This was the first time the Commission adopted interim measures in a vertical merger following an unprecedented early implementation of a concentration. In effect, the Commission was (i) ordering Grail to be kept separate from Illumina; (ii) prohibiting the sharing of confidential business information between the undertakings; (iii) conferring an obligation on Illumina to finance additional funds necessary for the operation and development of Grail; (iv) ordering the undertakings to conduct business interactions at arm’s length, hence without unduly favouring Grail to the detriment of its competitors; and (v) ordering Grail to actively work on alternative options to the transaction to prepare for the possible scenario in which the deal would have to be undone in case the Commission were to declare the transaction incompatible with the internal market.
The main objective of the Commission was to prevent the potential irreparable detrimental impact of the transaction on competition as well as possible irreversible integration of the merging parties, pending the outcome of the Commission’s merger investigation.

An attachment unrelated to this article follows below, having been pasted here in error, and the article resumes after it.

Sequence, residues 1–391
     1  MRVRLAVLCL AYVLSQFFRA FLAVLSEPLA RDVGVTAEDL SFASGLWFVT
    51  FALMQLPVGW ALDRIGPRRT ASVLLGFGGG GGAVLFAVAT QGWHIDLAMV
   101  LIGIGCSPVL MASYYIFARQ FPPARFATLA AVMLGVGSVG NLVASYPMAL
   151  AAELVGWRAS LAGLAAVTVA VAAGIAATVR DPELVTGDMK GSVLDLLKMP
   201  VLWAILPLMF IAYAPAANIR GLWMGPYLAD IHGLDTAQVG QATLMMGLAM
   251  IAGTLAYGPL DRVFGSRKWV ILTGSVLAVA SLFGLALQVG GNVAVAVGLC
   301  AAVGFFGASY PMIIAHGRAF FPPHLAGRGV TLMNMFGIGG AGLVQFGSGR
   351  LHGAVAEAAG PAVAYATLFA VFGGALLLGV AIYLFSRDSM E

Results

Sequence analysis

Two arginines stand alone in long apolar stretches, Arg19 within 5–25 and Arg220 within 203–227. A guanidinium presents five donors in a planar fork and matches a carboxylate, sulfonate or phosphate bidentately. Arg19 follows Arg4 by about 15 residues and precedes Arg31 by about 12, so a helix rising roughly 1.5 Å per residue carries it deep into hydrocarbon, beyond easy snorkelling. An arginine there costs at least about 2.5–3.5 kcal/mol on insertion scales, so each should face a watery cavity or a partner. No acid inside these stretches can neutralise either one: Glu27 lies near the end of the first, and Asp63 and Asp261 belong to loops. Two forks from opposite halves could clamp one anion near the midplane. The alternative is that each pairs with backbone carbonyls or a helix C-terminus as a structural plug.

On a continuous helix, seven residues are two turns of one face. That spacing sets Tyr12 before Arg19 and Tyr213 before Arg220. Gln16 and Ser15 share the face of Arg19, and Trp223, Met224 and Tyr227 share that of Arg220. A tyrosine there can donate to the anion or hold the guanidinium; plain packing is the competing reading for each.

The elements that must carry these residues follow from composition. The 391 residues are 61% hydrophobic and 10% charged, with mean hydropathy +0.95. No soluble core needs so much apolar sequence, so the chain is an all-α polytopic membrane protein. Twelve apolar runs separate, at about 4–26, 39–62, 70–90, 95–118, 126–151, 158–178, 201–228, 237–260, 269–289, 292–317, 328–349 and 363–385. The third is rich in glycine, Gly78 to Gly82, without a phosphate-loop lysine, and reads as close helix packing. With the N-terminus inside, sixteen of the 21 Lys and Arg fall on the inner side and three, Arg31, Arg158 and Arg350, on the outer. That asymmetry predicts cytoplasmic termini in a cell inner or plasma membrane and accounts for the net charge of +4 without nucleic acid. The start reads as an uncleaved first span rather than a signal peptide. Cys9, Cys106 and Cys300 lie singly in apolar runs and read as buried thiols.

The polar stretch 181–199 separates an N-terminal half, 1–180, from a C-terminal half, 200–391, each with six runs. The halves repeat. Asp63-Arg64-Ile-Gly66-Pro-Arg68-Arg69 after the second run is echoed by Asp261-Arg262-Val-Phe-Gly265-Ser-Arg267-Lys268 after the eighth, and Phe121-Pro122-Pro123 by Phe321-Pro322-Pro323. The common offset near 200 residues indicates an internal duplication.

The EU’s General Court (hereafter “GC”) decided to suspend the procedure as to whether the Commission was right to impose interim measures until they first determine whether the referral was legitimate.
Statements From The Parties
Ilumina appealed the Interim order and issued a statement saying that “the Commission has asserted jurisdiction over the transaction between two American companies with no foreseeable impact on competition in Europe and, in doing so, is threatening to deny Europe faster access to this life-saving technology”. Moreover, Illumina stated the benefits that will arise from the acquisition will reach the EU and that "Illumina will accelerate the adoption of GRAIL's test in Europe years faster than GRAIL could on its own, saving tens of thousands of lives in the EEA (European Economic Area) and billions of euros in healthcare costs."
CEO of Illumina said “Venture capitalists know to invest in that model, expecting liquidity through an acquisition. And if you take that away, I think it could impact investment into the space”.
The Commission's rationale is that this acquisition could make it more difficult for other developers of cancer tests to access Illumina’s technology, and that it is important to preserve competition and innovation in the sector, Commissioner Vestager stated “in designing the interim measures, we made sure Grail and other companies can continue developing their innovative cancer detection technology so that it can reach patients as quickly as possible, thus saving many lives”.